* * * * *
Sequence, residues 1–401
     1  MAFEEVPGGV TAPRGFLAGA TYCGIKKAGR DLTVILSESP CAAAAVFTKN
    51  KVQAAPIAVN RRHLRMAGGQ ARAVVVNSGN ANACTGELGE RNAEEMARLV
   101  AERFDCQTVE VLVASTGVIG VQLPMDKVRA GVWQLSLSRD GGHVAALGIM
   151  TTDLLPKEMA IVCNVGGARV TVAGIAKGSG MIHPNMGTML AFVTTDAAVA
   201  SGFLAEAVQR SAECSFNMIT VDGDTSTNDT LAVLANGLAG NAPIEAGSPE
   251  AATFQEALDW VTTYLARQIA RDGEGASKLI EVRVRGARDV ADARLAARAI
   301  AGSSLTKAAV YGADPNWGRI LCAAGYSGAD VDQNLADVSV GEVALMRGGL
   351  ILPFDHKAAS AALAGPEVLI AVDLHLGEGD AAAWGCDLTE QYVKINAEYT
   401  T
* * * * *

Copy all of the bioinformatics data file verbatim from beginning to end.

Sequence, residues 1–401
     1  MAFEEVPGGV TAPRGFLAGA TYCGIKKAGR DLTVILSESP CAAAAVFTKN
    51  KVQAAPIAVN RRHLRMAGGQ ARAVVVNSGN ANACTGELGE RNAEEMARLV
   101  AERFDCQTVE VLVASTGVIG VQLPMDKVRA GVWQLSLSRD GGHVAALGIM
   151  TTDLLPKEMA IVCNVGGARV TVAGIAKGSG MIHPNMGTML AFVTTDAAVA
   201  SGFLAEAVQR SAECSFNMIT VDGDTSTNDT LAVLANGLAG NAPIEAGSPE
   251  AATFQEALDW VTTYLARQIA RDGEGASKLI EVRVRGARDV ADARLAARAI
   301  AGSSLTKAAV YGADPNWGRI LCAAGYSGAD VDQNLADVSV GEVALMRGGL
   351  ILPFDHKAAS AALAGPEVLI AVDLHLGEGD AAAWGCDLTE QYVKINAEYT
   401  T